* There are circumstances where the loss of a deposit may be subject to relief from forfeiture. If there is relief, the deposit is returnable, in whole or in part, to the defaulting purchaser.

Whether a Court will return a deposit to a defaulting purchaser depends on a three-part test (all of which must be satisfied):

* Was the conduct of the purchaser reasonable in the circumstances?
* Was the purpose of the deposit to secure the payment of the purchase price?
* Was there a substantial disparity between the value of the property forfeited and the damage caused to the seller by the breach?

In Gajasinghe v. Dewar, 2007 CarswellOnt 5738, the Ontario Superior Court of Justice applied this three part test and refused to return a $20,000 deposit to the defaulting purchaser. Although the Court found that the purpose of that deposit was to secure the purchase price and that there was a substantial disparity between the amount of the deposit and the amount of damages suffered by the seller, the purchaser’s conduct was not reasonable. Specifically, the Court found that the purchaser’s actions were “indicative not of a purchaser who was ready and willing to close but rather of one who was searching for an excuse not to close”.

Deposit Held in Trust:
The deposit gets placed “in trust” with the listing real estate brokerage (unless otherwise arranged) pending completion or other termination of the Agreement of Purchase and Sale. The standard clause says that it will be placed in a NON-INTEREST bearing trust account. If the buyer is placing a large amount of money as a deposit and wants interest, they’ll need to specify that in the Agreement of Purchase and Sale. The deposit can be made within 24 hours of acceptance of the agreement or otherwise (e.g. in due course or forthwith or in increments of 30 days, etc.) as per the terms of the Agreement of Purchase and Sale.

Irrevocability Clause:
The irrevocability clause says that the offer cannot be revoked or taken back for a set period of time (specified in this clause). If the offer is not accepted after that time, then the Offer is automatically terminated – deemed null and void – as per OREA’s standard form).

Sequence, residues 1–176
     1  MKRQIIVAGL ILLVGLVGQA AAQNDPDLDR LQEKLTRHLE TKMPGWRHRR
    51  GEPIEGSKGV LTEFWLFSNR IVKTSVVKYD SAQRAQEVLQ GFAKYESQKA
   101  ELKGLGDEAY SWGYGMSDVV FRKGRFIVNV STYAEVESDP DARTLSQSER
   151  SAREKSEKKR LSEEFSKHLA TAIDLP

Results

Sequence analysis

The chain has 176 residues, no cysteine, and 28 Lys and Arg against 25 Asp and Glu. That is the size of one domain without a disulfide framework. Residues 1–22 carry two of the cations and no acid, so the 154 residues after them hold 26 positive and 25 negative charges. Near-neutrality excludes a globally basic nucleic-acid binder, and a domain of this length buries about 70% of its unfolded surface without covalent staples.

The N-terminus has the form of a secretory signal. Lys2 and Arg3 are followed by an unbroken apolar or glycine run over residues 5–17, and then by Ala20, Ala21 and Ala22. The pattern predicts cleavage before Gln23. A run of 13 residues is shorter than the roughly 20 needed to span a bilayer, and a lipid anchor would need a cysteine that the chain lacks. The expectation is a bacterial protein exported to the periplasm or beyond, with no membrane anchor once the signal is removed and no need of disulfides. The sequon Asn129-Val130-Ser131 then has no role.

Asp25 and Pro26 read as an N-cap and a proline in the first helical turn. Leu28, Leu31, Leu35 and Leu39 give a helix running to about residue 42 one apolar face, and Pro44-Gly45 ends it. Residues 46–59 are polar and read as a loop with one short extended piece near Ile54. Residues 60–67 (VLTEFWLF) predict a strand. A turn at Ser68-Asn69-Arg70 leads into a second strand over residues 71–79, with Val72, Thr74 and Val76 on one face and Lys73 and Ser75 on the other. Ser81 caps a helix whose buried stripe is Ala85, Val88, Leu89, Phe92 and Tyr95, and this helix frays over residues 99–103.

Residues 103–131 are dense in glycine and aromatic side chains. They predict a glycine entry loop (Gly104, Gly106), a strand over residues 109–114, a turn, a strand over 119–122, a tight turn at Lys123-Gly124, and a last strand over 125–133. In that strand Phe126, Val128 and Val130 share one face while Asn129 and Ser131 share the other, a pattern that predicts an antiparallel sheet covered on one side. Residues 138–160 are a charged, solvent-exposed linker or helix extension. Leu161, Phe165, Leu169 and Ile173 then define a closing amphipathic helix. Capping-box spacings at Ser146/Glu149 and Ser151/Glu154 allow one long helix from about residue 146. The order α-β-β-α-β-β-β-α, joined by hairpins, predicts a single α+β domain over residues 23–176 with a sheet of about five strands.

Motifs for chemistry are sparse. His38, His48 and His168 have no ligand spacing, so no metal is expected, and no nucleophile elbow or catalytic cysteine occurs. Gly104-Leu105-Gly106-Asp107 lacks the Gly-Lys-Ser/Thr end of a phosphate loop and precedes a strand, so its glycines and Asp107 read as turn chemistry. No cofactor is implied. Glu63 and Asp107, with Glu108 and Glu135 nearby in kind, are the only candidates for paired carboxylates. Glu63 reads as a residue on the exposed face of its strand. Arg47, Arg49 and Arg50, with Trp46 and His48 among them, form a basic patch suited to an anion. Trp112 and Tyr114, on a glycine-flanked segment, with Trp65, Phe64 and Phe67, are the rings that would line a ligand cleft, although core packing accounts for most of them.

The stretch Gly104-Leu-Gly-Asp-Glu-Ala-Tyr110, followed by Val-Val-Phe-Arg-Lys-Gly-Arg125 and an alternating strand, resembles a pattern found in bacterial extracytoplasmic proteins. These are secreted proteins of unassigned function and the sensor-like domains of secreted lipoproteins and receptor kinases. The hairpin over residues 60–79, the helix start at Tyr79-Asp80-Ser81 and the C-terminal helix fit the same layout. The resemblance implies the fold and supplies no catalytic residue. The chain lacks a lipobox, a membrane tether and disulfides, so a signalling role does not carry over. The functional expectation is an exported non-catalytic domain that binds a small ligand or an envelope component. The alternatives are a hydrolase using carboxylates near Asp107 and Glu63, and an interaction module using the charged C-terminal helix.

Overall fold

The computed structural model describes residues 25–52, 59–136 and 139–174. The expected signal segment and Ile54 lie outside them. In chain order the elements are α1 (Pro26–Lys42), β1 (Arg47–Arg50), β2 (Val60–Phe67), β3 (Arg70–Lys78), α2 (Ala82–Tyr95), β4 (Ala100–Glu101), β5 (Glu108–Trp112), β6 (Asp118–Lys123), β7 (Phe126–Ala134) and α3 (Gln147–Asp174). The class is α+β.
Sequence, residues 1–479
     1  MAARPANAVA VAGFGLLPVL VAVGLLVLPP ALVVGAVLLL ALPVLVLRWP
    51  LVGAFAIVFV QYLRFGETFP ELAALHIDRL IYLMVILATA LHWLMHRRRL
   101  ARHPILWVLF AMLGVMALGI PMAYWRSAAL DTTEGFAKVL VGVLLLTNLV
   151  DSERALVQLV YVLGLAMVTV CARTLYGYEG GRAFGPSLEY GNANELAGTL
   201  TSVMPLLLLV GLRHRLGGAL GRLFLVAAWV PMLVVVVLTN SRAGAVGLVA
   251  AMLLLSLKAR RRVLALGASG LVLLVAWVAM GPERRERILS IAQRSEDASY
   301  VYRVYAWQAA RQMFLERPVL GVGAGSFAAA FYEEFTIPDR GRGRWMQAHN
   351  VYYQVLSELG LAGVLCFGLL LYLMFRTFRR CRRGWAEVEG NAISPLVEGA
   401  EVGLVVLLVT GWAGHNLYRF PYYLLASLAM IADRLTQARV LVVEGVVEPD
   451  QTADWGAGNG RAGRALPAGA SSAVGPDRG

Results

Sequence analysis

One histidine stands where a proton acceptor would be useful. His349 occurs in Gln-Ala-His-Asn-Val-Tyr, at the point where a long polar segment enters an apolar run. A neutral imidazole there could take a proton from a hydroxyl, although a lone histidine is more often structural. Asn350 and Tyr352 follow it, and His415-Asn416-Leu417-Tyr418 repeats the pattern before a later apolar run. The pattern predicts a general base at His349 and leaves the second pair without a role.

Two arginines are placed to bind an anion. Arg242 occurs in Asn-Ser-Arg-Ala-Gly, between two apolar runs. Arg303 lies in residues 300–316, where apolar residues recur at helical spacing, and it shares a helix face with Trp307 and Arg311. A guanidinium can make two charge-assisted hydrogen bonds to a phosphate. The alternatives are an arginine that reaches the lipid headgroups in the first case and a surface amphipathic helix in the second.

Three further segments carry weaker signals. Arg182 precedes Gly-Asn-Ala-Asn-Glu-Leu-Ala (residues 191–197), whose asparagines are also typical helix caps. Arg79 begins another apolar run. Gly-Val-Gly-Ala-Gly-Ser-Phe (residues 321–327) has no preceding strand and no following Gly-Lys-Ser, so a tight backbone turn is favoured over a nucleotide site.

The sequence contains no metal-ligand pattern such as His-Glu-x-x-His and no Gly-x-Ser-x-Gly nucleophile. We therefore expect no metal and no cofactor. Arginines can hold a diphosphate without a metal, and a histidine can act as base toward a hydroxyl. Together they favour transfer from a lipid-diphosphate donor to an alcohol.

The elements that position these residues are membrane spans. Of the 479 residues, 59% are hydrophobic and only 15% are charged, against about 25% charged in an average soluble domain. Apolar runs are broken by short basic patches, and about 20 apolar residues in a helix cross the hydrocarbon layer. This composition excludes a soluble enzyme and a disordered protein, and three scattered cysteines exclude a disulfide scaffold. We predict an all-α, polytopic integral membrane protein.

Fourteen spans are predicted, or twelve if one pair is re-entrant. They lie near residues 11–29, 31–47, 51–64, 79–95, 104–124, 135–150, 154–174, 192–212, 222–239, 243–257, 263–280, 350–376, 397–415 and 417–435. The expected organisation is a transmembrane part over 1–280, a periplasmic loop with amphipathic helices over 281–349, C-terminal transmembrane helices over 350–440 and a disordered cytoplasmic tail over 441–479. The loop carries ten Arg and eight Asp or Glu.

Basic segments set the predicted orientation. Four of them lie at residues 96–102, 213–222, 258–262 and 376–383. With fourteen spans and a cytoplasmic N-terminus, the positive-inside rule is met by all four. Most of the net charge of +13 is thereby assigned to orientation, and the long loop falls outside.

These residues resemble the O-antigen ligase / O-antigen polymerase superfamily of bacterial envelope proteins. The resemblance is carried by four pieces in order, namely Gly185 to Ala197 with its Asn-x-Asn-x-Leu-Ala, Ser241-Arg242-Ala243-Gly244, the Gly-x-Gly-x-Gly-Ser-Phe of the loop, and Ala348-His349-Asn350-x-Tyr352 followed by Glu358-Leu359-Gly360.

Completion Clause:
This is the closing date, plain and simple. Typically, vacant possession takes place no later than 6:00 p.m. on the date of closing.

ABOUT THE AUTHOR: Michael Carabash, B.A., LL.B., M.B.A.
Dynamic Lawyers Ltd. was founded by Michael Carabash, a Toronto business lawyer with Carabash Law. Virtually everyone has a wide range of legal issues they need help with - such as writing a will, fighting a traffic ticket, buying or selling real estate, writing a contract for services, reviewing a lease agreement, having documents notarized or commissioned, dealing with a motor vehicle accident, etc. Michael wanted ordinary people in need of common legal services to be able to conveniently and cost-effectively get answers and quotes from local lawyers. At the same time, he also wanted lawyers to be able to market their services directly and effectively to the public.

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Disclaimer: While every effort has been made to ensure the accuracy of this publication, it is not intended to provide legal advice as individual situations will differ and should be discussed with an expert and/or lawyer. For specific technical or legal advice on the information provided and related topics, please contact the author.